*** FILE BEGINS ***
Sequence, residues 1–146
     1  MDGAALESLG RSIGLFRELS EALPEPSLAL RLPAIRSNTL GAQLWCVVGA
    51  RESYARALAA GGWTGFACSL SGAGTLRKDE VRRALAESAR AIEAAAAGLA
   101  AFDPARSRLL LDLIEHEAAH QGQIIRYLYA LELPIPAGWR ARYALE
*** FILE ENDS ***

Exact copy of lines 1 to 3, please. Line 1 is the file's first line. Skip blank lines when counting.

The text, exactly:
Sequence, residues 1–146
     1  MDGAALESLG RSIGLFRELS EALPEPSLAL RLPAIRSNTL GAQLWCVVGA
    51  RESYARALAA GGWTGFACSL SGAGTLRKDE VRRALAESAR AIEAAAAGLA